This week Arizona Gov. Doug Ducey signed into law Senate Bill 1453, which will allow Arizona’s community colleges to offer four-year college degrees. When the new law takes effect this fall, Arizona will become the 24th state where community colleges can grant baccalaureate degrees with certain conditions.

Under the new law, community colleges outside of the states two biggest counties – Maricopa and Pima – will be allowed to offer unlimited numbers of baccalaureate degrees. In Maricopa and Pima counties, home to Arizona State University and the University of Arizona respectively, there will be limits on how many four-year degrees can be granted and how much tuition can be charged (tuition per credit hour for the third and fourth years of a baccalaureate program is capped at 150% of tuition for other courses at the community college)

“Arizona’s community colleges play a critical role in supporting students of all ages and equipping our workforce with skills and resources,” said Governor Ducey. “Arizona is a school choice state, and today’s action is school choice for higher education. This is ‘Opportunity for All’ in action. It will allow students even more opportunities as they strengthen their education and expand their employment opportunities.”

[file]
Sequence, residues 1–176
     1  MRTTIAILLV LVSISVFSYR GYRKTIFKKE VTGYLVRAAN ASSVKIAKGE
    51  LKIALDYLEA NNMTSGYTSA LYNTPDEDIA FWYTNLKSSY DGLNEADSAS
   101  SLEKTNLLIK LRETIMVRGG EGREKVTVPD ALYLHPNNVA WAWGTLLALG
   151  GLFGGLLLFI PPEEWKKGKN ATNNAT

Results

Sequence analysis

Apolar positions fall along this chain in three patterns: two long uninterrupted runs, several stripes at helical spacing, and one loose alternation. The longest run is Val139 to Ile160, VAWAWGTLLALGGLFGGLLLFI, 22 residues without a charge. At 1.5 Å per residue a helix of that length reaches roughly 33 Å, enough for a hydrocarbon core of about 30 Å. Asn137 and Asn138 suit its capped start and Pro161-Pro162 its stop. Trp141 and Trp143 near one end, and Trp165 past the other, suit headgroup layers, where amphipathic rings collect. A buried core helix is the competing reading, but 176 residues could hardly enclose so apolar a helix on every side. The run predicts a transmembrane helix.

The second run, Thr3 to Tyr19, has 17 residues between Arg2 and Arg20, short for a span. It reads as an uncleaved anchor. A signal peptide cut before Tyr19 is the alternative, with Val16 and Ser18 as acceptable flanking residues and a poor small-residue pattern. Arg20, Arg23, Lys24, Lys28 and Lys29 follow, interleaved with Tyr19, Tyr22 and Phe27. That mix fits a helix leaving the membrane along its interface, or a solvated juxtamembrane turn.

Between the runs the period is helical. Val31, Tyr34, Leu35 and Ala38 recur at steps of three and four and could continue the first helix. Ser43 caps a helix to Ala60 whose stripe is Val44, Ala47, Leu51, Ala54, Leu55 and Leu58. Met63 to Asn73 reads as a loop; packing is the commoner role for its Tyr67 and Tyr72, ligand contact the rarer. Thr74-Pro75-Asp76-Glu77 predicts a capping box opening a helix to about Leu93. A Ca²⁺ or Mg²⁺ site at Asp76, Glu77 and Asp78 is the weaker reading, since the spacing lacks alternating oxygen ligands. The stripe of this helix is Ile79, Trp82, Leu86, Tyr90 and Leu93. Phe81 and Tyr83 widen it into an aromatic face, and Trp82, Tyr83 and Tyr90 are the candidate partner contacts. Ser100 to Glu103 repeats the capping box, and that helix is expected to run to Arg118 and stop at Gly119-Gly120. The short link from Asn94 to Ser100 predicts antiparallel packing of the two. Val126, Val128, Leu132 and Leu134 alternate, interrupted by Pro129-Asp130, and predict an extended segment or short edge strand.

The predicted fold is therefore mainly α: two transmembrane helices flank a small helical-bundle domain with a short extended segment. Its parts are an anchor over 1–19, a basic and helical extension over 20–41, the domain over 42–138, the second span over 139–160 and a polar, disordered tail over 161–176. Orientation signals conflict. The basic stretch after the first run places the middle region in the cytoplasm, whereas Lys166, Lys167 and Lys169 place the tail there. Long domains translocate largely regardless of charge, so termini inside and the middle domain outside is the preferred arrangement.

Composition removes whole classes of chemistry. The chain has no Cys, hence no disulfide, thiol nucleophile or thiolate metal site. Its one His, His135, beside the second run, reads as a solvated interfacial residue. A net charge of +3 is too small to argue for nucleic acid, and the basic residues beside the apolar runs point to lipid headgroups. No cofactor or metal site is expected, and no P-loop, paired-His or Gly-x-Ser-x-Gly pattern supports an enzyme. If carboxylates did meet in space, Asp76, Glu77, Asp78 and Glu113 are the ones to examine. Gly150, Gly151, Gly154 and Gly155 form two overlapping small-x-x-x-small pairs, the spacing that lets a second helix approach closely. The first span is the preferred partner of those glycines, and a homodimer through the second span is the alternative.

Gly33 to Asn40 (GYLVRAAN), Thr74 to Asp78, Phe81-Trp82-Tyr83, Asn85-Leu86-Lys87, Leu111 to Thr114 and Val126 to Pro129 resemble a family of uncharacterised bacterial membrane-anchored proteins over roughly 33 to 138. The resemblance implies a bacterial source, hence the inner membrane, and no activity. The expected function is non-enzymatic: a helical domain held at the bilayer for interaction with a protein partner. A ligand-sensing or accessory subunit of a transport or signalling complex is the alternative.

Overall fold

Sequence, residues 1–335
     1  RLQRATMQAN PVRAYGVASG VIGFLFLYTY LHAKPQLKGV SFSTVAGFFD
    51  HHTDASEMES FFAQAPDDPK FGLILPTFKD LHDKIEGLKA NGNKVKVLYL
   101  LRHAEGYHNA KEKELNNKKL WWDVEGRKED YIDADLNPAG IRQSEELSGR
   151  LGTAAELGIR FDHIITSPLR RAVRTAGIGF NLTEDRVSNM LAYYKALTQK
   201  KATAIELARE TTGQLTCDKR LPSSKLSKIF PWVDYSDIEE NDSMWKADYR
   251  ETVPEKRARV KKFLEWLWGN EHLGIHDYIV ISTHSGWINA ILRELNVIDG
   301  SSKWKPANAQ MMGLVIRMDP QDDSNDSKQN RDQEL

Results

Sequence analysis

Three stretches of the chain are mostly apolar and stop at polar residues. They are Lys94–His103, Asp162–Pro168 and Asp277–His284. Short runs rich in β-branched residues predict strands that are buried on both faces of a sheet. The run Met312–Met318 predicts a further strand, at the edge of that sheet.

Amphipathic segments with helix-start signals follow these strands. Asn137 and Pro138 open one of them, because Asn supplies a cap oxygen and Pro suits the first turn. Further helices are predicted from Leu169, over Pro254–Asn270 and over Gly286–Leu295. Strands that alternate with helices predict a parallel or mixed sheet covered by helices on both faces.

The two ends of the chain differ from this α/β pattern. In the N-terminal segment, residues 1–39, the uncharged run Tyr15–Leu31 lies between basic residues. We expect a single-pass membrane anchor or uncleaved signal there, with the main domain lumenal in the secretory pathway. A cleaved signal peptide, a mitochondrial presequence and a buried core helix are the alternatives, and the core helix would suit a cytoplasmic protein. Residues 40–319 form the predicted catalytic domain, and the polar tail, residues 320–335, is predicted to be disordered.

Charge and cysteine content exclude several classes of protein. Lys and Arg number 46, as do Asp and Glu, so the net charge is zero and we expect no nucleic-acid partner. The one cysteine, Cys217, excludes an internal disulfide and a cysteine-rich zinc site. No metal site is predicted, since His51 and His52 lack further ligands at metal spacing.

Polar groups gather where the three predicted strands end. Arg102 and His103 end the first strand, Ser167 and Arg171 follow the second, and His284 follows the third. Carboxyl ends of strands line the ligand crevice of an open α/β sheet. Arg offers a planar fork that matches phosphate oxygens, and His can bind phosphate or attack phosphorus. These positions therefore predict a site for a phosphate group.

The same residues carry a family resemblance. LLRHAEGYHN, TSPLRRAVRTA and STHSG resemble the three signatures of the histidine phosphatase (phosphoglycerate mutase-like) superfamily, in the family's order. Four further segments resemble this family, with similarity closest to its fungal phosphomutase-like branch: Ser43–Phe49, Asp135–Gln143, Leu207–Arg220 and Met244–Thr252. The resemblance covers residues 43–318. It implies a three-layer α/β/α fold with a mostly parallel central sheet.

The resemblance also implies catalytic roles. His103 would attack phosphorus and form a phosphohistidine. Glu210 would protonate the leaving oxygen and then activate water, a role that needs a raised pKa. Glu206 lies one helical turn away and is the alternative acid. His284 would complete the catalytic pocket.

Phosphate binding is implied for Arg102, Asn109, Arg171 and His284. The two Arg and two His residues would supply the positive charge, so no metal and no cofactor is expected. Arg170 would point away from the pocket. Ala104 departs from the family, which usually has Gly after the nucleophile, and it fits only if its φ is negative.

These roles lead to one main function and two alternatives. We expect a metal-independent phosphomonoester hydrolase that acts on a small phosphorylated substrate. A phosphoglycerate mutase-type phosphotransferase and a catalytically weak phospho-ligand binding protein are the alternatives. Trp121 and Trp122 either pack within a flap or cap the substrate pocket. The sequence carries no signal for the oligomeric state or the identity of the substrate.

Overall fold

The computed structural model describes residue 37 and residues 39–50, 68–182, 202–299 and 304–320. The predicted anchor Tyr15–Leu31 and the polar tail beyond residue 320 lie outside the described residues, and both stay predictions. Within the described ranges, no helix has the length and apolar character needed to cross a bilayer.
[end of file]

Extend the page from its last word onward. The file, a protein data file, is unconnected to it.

Arizona’s decision allowing community colleges to offer bachelor’s degrees followed a debate similar to that heard in other states. Here, according to a 2020 brief from the Education Commission of the States, are the main arguments – pro and con – for the policy.

Advocates typically point to three factors favoring such expansion:

  1. Community colleges are usually more nimble than four-year institutions and therefore can better develop degree programs that address changing workforce needs, particularly in high-demand fields.
  2. Community colleges can offer bachelor’s degrees to more diverse student populations, especially in areas without a nearby four-year institution. They’re often designed to serve nontraditional groups such as low-income, first-generation and older students, as well as students of color.
  3. A bachelor’s degree from a community college is usually much less costly than the tuition and fees charged by four-year institutions. Therefore, the policy helps reduce perennial concerns about affordability and student loan debt.

Opponents cite these objections to expanding community college degrees:

  1. Community college bachelor’s degrees introduce mission creep that will distract institutions from their primary expertise in offering associate degrees and certificates and preparing students to transfer to four-year campuses.
  2. The policy encourages duplication of effort and increased competition with four-year schools for students, faculty and state funding.